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On Thursday Pope Francis will have completed a year as Bishop of Rome, a year in which he has begun to transform the Church. But be in no doubt, argues our Rome correspondent, of just how wide and how deep go his aims for change
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There is a tendency for some church commentators to rant and gnash their teeth when the Church is criticised unfairly, even if the main thrust of the complaint is perfectly valid.
That’s what happened after the UN Committee on the Rights on the Child delivered its report on 5 February and catalogued the Church’s lamentable record on abuse. The committee appeared to ignore the Holy See’s instruction to bishops’ conferences to report allegations to the civil authorities. Even worse, it strayed into areas of doctrine and criticised the Church’s teaching on contraception, abortion and homosexuality.
In television and radio discussions the Church’s staunchest defenders complained only that the committee was woefully ignorant of the facts. It did not pause to consider the suffering of abuse victims, suffering that is in now way alleviated by such aggressive defensiveness.
How heartening then to see Fr Thomas Rosica on BBC2’s Newsnight on 5 February. Speaking via satellite link from Toronto, Canada, Fr Rosica, the head of the Catholic Salt + Light Television and an English language assistant to the Holy See Press Office, did not shrink from citing the “lacunae” in the UN’s report but he also readily acknowledged the “egregious sins” committed by abusive priests.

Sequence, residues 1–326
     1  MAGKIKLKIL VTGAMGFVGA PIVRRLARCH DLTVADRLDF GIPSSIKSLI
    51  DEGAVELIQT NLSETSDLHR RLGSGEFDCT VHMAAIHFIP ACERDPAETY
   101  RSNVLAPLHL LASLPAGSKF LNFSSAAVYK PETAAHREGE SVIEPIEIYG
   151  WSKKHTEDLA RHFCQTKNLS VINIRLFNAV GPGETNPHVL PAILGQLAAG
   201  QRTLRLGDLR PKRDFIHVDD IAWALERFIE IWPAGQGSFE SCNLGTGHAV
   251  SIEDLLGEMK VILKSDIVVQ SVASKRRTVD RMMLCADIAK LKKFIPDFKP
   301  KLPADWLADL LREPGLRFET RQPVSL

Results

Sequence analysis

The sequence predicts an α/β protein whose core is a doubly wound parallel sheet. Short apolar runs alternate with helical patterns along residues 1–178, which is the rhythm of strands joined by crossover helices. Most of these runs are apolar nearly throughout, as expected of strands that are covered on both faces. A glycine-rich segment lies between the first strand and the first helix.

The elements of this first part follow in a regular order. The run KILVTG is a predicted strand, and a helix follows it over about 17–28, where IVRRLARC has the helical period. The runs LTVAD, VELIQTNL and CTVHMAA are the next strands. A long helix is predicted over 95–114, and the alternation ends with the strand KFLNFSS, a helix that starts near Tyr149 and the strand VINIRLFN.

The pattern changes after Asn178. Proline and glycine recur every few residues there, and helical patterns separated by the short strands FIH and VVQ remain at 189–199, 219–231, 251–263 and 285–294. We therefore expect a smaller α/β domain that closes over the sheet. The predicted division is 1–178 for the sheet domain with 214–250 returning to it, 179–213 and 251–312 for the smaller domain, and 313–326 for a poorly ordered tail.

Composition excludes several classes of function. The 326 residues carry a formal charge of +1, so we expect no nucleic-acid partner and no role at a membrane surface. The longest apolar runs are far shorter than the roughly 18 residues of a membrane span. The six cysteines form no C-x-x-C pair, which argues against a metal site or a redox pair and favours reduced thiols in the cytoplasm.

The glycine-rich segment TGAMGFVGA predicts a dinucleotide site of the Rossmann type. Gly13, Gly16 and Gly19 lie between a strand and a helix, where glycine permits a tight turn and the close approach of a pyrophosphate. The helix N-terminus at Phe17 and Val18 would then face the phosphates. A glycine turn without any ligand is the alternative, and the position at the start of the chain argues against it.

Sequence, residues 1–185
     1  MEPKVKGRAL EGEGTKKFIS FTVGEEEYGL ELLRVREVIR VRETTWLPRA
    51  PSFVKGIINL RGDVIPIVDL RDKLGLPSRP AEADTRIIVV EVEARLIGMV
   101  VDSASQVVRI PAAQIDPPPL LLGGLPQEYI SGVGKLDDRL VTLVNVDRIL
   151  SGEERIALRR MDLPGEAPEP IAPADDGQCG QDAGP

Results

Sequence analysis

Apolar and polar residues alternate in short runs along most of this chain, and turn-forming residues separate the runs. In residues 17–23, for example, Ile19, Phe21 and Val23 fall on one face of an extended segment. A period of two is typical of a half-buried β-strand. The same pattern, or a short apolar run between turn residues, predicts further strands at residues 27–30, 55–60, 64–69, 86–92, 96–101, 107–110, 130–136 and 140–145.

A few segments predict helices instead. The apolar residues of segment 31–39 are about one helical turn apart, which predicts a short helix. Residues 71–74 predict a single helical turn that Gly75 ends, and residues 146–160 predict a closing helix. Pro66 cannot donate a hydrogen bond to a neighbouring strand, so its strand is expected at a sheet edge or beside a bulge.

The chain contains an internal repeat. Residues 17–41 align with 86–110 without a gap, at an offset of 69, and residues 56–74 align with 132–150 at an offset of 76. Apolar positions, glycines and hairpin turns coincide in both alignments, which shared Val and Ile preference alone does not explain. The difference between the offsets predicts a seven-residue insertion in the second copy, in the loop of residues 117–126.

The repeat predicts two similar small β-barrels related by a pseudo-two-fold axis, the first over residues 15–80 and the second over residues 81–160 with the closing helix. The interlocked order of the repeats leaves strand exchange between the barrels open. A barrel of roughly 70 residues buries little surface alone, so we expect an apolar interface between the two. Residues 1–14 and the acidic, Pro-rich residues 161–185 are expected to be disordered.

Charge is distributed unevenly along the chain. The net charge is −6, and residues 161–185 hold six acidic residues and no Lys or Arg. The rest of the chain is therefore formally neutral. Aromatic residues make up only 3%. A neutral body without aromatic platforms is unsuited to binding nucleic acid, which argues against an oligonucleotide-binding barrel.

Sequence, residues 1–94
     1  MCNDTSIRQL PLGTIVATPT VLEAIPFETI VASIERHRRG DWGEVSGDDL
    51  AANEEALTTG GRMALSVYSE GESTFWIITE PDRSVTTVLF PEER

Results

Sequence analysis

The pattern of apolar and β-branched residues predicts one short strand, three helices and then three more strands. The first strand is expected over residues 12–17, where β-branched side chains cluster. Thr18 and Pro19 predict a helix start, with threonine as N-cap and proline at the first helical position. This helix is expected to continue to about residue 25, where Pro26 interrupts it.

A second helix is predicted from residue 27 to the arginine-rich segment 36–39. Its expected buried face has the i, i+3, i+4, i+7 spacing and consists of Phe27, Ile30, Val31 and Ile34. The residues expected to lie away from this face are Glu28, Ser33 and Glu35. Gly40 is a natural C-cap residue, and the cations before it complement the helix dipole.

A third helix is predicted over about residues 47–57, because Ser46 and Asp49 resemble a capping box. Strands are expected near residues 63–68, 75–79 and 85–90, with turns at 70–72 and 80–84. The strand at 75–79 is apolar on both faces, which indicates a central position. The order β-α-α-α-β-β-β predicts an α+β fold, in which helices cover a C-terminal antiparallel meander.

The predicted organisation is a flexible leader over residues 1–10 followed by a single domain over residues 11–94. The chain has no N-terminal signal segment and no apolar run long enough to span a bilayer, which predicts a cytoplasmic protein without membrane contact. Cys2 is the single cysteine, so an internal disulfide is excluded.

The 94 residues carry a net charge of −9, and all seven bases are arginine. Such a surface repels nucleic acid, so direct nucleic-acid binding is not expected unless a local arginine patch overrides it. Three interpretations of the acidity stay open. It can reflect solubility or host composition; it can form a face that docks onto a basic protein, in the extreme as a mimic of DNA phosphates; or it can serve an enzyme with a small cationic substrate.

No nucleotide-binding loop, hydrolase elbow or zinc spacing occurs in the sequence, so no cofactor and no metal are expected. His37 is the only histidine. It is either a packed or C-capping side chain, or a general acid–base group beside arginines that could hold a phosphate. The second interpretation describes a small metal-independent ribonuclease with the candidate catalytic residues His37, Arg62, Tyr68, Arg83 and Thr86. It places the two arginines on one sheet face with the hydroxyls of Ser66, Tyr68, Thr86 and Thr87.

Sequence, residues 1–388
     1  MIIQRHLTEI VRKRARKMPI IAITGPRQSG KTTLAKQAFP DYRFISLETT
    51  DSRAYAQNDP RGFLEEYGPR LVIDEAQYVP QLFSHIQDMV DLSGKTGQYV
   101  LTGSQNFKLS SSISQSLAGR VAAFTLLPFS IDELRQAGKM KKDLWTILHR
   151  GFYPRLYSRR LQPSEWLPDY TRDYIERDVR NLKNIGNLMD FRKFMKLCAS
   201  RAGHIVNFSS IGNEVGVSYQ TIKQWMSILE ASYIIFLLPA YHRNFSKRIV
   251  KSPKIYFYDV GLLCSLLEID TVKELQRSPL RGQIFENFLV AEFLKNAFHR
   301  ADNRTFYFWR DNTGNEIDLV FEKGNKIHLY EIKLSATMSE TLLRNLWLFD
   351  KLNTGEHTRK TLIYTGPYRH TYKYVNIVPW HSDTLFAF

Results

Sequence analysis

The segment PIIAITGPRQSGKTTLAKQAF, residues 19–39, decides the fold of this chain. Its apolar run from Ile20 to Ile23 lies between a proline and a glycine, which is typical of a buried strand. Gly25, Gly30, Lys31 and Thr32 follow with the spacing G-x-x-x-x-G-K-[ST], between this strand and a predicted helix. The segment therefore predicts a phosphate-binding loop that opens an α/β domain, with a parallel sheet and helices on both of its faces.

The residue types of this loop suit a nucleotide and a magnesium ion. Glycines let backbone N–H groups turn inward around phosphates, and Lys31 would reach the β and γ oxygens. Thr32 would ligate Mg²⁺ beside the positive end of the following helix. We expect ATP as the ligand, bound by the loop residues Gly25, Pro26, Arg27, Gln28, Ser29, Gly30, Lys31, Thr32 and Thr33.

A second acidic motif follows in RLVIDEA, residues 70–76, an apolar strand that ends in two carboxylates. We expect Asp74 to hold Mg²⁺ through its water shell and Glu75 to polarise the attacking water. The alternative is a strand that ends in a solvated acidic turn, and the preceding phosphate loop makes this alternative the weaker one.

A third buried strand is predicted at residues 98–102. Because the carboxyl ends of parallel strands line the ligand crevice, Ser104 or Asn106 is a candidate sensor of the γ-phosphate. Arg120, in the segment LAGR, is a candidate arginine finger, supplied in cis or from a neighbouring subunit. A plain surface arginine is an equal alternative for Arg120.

Even more laudable, when Jeremy Paxman told the priest that there was a victim of clerical sexual abuse in the studio Fr Rosica immediately went into pastoral mode and asked the man his name.
He then said this: “First of all, I want to apologise to you for what you have endured on behalf of the Church and on behalf of me as a priest. It is disgusting, it is criminal, it is sinful, it is evil and you have borne this and you have suffered from it and I am very, very sorry. That being said, we are doing our absolute best to make sure that no more young people endure what you, Miguel, have endured.”
It was the first time anyone in the Church had apologised to Miguel Hurtado in the 16 years since he had been abused as a teenager by a priest in his home city of Barcelona. He was visibly moved by Fr Rosica’s words and told me later that he had appreciated the gesture.
Miguel Hurtado is a member of the survivors’ network, SNAP, which has campaigned vigorously for the Church to laicise abusers and dismiss bishops who protect them. Fr Rosica’s apology has not deflected Mr Hurtado from his campaign. He told me that the best apology the Church could make would be to fire bishops who cover up for abusers.
But Fr Rosica articulated his sorrow and humility in the face of a dreadful wrong. This is the first Christian response to a person who has suffered as a consequence. If only other clergy would do the same.
You can read more from Mr Hurtado in this week’s Tablet.
Above: Mr Hurtado appreciated Fr Tom Rosica's spontaneous apology on BBC's Newsnight